Lloyd Mitchell was a competitor in rodeos as a young man and in summers during college and early coaching years he traveled to Yellowstone National Park to work on horseback as a fire guard. One time on his way there he was standing and talking and he often kicked the dirt to see what he could find. That day he found an old spur, long buried. He pulled it out and cleaned it off, thinking he would find the mate and have a free pair of spurs. As the years passed, he would remark that he was still looking for that spur. He never found the mate to it, but his spur collection is a credit to his tenacity. This year a gentleman cowboy came in to see the spurs and remarked he was thinking of beginning a collection, but we already had all of them!
Lloyd graduated from Baylor University in 1931. He lettered in football and was All-Southwest Conference in track. He became a coach and teacher for the next 41 years until he and Madge retired together in 1972. In the 1940’s Coach Mitchell supervised the old swimming pool that was in Raby Park. Many servicemen would come to the pool and he enjoyed making friends with them. They knew about his spur collection and many would send him spurs from wherever they were in the world. The spurs in his collection included: Spanish, French, Moroccan, Philipino, German, South American, Russian Czar, English, Mexican and Italian. One young man from the Boston area sent him spurs that were Jackie Bouvier Kennedy’s.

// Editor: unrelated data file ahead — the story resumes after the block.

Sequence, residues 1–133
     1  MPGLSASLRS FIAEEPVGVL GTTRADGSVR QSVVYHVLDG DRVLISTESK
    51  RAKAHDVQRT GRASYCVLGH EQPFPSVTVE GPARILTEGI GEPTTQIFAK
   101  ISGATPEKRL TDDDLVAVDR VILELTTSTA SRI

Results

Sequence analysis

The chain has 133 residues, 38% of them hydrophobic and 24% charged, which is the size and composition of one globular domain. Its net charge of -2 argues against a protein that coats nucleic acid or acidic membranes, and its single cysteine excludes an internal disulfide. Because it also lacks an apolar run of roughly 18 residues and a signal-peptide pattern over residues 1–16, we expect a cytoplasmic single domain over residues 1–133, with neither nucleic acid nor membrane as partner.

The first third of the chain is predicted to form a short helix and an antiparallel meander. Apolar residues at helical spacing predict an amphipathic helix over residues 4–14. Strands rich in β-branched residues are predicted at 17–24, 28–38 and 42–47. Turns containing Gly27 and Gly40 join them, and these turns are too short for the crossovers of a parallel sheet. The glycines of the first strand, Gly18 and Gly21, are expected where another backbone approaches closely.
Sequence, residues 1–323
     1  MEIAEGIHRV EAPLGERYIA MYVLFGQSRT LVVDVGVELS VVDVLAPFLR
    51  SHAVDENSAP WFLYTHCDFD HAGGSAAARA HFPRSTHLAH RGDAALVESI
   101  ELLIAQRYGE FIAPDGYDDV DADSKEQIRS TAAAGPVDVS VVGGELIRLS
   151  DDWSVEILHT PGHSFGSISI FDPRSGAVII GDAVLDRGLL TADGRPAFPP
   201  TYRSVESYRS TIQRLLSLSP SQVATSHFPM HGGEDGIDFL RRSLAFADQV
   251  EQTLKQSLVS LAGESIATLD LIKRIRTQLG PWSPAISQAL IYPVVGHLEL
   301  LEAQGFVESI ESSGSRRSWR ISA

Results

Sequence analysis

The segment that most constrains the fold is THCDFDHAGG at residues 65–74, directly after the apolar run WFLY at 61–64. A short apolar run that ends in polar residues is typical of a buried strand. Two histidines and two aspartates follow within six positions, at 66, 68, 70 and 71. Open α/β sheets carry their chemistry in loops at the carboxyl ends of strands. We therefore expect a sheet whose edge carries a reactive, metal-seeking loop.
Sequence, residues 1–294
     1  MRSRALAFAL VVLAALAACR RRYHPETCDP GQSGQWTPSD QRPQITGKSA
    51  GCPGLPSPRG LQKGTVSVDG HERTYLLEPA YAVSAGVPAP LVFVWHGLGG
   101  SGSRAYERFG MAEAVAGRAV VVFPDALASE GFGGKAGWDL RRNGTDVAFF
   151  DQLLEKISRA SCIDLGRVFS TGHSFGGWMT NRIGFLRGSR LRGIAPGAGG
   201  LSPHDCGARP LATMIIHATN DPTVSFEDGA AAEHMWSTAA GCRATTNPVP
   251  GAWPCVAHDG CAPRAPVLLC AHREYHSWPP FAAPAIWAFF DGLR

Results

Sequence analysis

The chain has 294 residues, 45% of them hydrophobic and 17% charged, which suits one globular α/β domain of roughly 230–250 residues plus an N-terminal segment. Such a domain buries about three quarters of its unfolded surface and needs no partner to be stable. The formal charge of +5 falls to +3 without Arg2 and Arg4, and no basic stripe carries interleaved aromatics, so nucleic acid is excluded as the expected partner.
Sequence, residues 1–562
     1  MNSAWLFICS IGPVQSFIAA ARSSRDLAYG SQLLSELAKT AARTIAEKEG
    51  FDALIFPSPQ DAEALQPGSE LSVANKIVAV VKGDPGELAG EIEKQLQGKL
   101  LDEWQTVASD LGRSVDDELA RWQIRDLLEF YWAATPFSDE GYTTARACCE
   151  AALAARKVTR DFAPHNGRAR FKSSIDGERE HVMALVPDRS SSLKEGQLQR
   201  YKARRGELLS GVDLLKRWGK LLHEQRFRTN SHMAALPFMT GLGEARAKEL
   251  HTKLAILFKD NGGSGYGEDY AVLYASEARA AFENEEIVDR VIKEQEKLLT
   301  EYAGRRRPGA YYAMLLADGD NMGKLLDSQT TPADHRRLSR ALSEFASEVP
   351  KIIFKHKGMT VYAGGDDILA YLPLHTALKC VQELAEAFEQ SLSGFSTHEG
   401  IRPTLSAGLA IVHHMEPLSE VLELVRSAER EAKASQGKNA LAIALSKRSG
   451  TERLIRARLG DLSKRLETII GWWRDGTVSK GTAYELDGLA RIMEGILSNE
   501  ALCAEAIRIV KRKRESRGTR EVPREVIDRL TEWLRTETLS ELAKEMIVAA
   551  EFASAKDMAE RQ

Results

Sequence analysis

I remember his class in Gatesville High School and he always kept our attention, had lots of maps on the wall and expected us to learn and enjoy the history. About 1967 when we were taking his history class he put us all on a school bus and took us to see his spur collection. I remember a small unpainted wooden building, so full of spurs, floor to ceiling, we could barely walk through.
His collection included some spurs from the 13th century thru the 20th century. A greater number can be dated from the 1800’s thru the 20th century, during the famous period of cattle drives. He collected spurs made by Bayers, Bianchi, Bischoff, Boone, Buermann, Crockett, Fleming, Garcia, Kelly, McChesney, Ricardo and Shipley. These marks are on the spurs themselves, as well as tagged by the museum.
Mary Catherine Mitchell recalls that Bill Herridge showed interest in the spur collection to be exhibited at the Coryell Museum. After Coaches death in 1991, Madge and all 5 children donated the collection to the museum. Coach loved to share history and the spurs. The Mitchell collection is the centerpiece for the museum and the Legislature designated Gatesville as the Spur Capital of Texas.
On October 3, 2001 the Coryell Museum and Historical Center celebrated the donation of the spurs by the Mitchell family with a celebration that included everything from square dancing, to a gunfight in the street. The first floor of the museum houses hundreds of spurs in the first display area on the left, as well as other western memorabilia and a photograph of Coach Mitchell.
There is an area children can touch the spurs and make them jingle. Cowboys have traditionally liked the sound a spur makes as they walked. If you plan to sneak up on someone however, take off your spurs. Upstairs are hundreds more spurs that are in the process of being cataloged by the museum. Come by the museum and see this magnificent collection of spurs for yourself.